First Ten MUSE™ Procedures for GERD Performed in China as Part of CFDA Multi-Center Clinical Study
OMER, Israel, April 27, 2017 — Medigus Ltd. (NASDAQ: MDGS) (TASE: MDGS), a medical device company developing minimally invasive endosurgical tools and a leader in direct visualization technology, today announced that the first ten procedures have been performed as the initial phase of the China Food and Drug Administration, or CFDA, multi-center MUSE™ Clinical Study in China.
"The availability of the MUSE™ procedure in China provides patients with a less invasive option for the long-term treatment of GERD,” said principal investigator, Yunsheng Yang, Director of Gastroenterology Department Clinical center at 301 Hospital and chairman of Chinese Society of Gastroenterology, The General Hospital of People's Liberation Army in Beijing. “The procedure addresses a new hope and solution between drug therapy and surgical procedures."
Procedures for the clinical study, which will include approximately 62 patients, have begun at four centers across China:
• The General Hospital of People’s Liberation Army
• Renji Hospital of Shanghai
• Shanghai General Hospital
• Peking University Third Hospital
Procedures are expected to continue through 2017, with results being reported to the CFDA in 2018 as part of the submission for clearance to sell MUSE™ in China.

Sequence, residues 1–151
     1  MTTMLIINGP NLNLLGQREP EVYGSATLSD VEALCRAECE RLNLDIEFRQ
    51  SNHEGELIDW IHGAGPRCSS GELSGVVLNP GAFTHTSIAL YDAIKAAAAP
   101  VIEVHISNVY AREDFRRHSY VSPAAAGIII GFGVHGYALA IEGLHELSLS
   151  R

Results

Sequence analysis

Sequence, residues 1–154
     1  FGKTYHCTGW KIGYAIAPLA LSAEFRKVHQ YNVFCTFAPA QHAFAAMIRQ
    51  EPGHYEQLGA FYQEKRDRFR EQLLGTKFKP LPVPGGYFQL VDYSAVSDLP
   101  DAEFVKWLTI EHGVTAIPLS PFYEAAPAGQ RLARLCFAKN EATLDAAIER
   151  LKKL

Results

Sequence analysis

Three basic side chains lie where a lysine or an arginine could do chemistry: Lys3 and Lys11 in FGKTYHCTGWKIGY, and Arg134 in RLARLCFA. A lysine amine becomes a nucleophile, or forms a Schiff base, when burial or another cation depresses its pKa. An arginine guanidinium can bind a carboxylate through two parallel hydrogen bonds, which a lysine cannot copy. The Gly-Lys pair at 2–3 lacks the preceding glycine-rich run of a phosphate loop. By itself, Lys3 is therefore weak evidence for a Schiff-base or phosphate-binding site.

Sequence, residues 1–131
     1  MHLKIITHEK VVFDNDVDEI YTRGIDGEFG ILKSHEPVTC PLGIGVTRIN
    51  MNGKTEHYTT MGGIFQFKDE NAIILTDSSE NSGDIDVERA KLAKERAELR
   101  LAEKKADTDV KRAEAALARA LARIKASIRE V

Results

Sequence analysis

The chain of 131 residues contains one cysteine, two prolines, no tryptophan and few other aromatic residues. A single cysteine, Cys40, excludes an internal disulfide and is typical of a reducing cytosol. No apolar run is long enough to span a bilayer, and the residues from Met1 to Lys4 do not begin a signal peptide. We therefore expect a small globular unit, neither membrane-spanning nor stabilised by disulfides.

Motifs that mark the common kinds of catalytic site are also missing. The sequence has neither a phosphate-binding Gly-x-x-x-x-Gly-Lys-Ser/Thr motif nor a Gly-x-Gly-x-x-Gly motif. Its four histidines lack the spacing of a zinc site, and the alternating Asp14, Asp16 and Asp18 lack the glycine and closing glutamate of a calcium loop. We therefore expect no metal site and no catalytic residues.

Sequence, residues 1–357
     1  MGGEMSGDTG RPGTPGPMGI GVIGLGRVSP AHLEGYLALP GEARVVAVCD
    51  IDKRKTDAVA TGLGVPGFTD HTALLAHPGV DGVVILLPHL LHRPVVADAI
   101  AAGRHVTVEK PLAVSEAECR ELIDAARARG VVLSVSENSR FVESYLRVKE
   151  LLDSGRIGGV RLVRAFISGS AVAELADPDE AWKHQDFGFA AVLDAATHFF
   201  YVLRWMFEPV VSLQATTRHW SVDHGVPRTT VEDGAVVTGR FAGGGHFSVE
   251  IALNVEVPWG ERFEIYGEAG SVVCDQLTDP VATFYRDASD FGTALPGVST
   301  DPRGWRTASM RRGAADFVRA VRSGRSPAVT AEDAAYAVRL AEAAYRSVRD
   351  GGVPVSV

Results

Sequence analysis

“This is yet another milestone in our mission to expand the use of MUSE worldwide,” said Chris Rowland, CEO of Medigus. “We are looking forward to a successful clinical trial in China, which will lead to higher adoption of MUSE in the East Asian market, which has an increasing prevalence of GERD.”
The MUSE system is a single-use flexible transoral stapler that merges the latest advancements in microvisual, ultrasonic and surgical stapling. The device comes equipped with an ultrasonic sight and range finder and a micro ScoutCam™ CMOS camera, which enables a single physician to perform an incisionless transoral fundoplication — the procedure intended to treat the anatomical cause of gastroesophageal reflux disease (GERD).
For more information about the clinical study or to determine if you are eligible for the trial, patients can directly contact participating medical centers.